Let's Read 'The Young Comrade,' The Crazy '20s Magazine For Baby Communists

As we've noted previously, after World War I, capitalist countries were so concerned that covert communists would corrupt their children that national security services had special surveillance on the Boy Scouts. But they shouldn't have bothered. Instead of turning these state-sponsored youth indoctrination camps Red from the inside, America's young socialists simply made their own youth groups. 

Young Workers League of America
With blackjack. And workers' rights. 
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Of these, the raddest had to be the Young Workers League of America, thanks to its kids' magazine The Young Comrade, the Tiger Beat of Trotskyism -- complete with cute pictures of socialist heartthrobs like Friedrich Engels and Karl "Marxy" Marx.  

Young Workers League of America
The New Kids on the Soviet Bloc.
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While the Young Workers League of America was open to all "children of the proletariat" aged 14 to 30, its youth publication was aimed at even younger Reds (or "Pioneers"), typically aged 9 to 13. And in the spirit of socialist equality, it was these eleven-year-old Leninists who were responsible for the content of The Young Comrade, providing articles, poems, and cartoons. Like the adventures of Johnny Red, who promoted the magazine's sale of socialist songbooks.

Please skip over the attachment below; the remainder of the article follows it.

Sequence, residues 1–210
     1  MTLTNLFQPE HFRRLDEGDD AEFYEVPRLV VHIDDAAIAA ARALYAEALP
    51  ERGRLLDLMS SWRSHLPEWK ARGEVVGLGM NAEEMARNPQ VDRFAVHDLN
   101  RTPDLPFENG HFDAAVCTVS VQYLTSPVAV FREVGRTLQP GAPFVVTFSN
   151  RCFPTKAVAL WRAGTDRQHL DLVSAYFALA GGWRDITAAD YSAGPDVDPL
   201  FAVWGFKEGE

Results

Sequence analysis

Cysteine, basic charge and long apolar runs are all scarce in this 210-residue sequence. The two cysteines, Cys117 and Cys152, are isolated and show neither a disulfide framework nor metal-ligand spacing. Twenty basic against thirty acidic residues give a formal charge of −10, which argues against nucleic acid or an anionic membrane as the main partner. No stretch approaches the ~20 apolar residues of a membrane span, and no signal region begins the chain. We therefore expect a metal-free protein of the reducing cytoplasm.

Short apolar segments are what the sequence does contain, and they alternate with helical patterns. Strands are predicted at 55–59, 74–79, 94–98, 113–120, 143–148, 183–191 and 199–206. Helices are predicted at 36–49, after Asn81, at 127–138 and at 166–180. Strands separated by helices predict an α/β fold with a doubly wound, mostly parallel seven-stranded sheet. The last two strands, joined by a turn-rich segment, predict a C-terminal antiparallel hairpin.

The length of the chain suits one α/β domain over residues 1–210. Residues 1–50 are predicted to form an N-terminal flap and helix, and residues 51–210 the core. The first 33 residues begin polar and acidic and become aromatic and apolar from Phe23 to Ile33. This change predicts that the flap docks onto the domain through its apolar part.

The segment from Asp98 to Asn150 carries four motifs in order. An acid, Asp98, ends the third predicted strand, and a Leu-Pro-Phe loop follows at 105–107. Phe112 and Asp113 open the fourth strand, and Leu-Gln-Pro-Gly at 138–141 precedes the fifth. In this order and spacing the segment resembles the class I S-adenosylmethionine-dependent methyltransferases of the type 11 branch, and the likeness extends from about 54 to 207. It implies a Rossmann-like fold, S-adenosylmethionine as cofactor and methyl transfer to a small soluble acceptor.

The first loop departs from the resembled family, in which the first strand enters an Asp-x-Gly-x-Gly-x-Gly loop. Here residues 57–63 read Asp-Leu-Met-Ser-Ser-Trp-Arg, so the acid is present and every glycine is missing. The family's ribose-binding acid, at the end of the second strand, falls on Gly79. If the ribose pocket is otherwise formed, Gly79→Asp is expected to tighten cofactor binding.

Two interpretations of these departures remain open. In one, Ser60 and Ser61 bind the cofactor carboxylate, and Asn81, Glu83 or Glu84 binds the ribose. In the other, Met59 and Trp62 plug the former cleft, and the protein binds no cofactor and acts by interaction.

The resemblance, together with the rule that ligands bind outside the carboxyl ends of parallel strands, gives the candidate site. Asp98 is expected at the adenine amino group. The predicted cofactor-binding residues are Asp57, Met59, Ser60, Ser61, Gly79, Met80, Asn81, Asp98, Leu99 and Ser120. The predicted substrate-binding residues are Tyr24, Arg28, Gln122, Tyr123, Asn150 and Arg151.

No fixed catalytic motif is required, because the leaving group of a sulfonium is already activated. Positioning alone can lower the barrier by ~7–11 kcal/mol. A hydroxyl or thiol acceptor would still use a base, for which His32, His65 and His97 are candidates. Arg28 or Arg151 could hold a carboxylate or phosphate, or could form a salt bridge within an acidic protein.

Young Workers League of America
Who doesn't love listening to Kidz Bop versions of The Internationale?
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But precisely what kind of bourgeois establishment did these tiny commies fight against? Rich kids, corrupt priests, but most of all, the purveyors of capitalist propaganda (and maths): teachers.

Young Workers League of America
Geometry is the tool of the ruling class, that's a fact. 

And the pee wee Pioneers did not play around. These young socialists wrote with the anger and the zeal of grizzled October Revolutionaries. Over the publication's six-year lifespan from 1924 to 1930, it contained junior-written articles with such titles as "Why Miners Should Strike, by Martha Stone, Age 13. Or "Sufferings of the Workers," by Albert Derzsak, age 12. Or "Why We Hate The Capitalist" by Rose Plotkin, age nine. 

Young Workers League of America
"Fascist around and find out."
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The entire archive of The Young Comrade can be found here in full to suit your tween radicalization needs. And if anyone ever complains that the Antifa, Rose twitter, Stalin bae youth of today is way too hardcore about its anti-capitalism, why not read them this poem by little Steve Meshechek calling for a 1% genocide a hundred years ago:

Young Workers League of America

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Top Image: Young Workers League of America

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